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AN INTRODUCTION TO
SUBSURFACE INVESTIGATION (PHASE II)

SUBSURFACE INVESTIGATIONS (PHASE II)
HOLLOW STEM AUGERING - USING THIS TECHNOLOGY TO INSTALL GROUNDWATER MONITORING WELLS

THE OLD TECHNOLOGY: Around the world, many drinking water wells are constructed by the ancient method, employing the simple excavation of a wide pit, often circular, and lining it with stone to prevent cave-ins. Where shallow clean groundwater was once commonly available, and where subsurface soils or rock layers could be excavated easily, this method was and occasionally remains effective in some areas. But where clean fresh water is only found in deeper aquifers where the water supply must be protected from surface contamination sources such as septic systems, spills, or industrial operations, hollow stem auger technology arose as an ideal solution. This method is also a cost-effective solution for many environmental investigations.


A NEW TECHNOLOGY: The well known corkscrew form such as we commonly see associated with any hand drill bit or screw is adapted so that the inner core or shank is a hollow cylindrical space. The base of the hollow center can be secured with a removable plug while drilling proceeds and cuttings are pushed aside and conveyed upward by the corkscrew blades. As the borehole deepens, additional auger segments - usually five feet in length - are bolted to the segments already in the ground.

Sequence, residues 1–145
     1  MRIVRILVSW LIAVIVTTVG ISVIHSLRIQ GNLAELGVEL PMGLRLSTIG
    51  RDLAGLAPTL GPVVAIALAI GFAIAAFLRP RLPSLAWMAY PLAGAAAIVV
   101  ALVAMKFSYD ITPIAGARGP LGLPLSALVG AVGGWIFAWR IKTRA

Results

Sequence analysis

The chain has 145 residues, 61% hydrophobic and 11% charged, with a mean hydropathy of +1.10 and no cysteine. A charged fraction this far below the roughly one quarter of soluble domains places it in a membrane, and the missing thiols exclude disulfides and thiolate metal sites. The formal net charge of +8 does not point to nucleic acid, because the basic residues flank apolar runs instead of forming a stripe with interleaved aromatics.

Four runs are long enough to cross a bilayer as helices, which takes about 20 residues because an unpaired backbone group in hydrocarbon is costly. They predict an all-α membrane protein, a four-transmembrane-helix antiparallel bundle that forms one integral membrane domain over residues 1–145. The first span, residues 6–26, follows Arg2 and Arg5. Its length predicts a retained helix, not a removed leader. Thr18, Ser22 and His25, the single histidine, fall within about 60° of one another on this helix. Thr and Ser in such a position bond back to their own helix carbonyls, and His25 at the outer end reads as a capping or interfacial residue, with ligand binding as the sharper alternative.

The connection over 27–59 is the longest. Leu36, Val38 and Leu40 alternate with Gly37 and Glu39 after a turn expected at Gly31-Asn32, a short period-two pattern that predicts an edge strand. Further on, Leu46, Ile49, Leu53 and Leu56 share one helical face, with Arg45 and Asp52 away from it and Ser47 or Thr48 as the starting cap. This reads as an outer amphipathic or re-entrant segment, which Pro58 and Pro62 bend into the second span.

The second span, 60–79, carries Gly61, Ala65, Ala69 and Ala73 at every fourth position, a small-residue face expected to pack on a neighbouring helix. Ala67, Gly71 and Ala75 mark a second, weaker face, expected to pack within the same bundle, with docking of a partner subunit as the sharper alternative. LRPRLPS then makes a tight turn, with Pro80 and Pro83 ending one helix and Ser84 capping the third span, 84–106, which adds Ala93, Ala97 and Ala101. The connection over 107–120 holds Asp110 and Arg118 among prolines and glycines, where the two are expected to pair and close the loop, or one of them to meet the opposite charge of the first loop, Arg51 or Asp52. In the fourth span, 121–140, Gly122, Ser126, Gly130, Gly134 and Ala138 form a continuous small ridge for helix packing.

THE SPLIT SPOON SAMPLER: Soil samples are taken when desired to record the nature of the subsurface material, to locate water-bearing zones, and in the environmental field, to identify, sample and measure soil or groundwater contamination. One common sampling tool is known as the split spoon, a steel tube inserted inside the hollow stem of the auger and pounded into the as-yet undrilled soil beneath the base of the auger. A cap in front - with a slightly narrow opening for the soils to enter - and the attched rod above, hold the two halves of the 'spoon' together. Once filled with soil and retrieved, the rod and cap are removed, and one half of the spoon is removed to expose the sample soil.

COLLECTING SOIL SAMPLES: Samples are described and recorded by a drilling technician or a geologist. In the environmental field, disposable gloves are required, and in some cases, special disposable clothing, respirators or self-contained chemical suits with internal air supply may be necessary, to protect staff from more dangerous contaminants. More commonly, disposable gloves alone are required, both to protect the sampler and to prevent sample contamination by those handling it. Samples are commonly packed into special vials supplied by the laboratory and placed on ice in a cooler to preserve volatile components.

MONITORING WELL INSTALLATION:


Assembly of screen and casing prior to installation.


Placement of the screen and casing into the auger.


Filling the annular space around the screen with clean no. 20 sand.


Sealing the screened zone with bentonite.


Finishing the well head - prior to placement of concrete.

LAB SAMPLES READIED AND DECONTAMINATION OF THE AUGER AND SPLIT SPOON SAMPLER


Samples prepared for delivery and laboratory analysis.


Decontamination of the split spoon sample prior to reuse.


Decontamination of the hollow stem augers prior to reuse.


Soil cuttings and decontamination water are stored in drums pending lab results.


Image credit: USEPA

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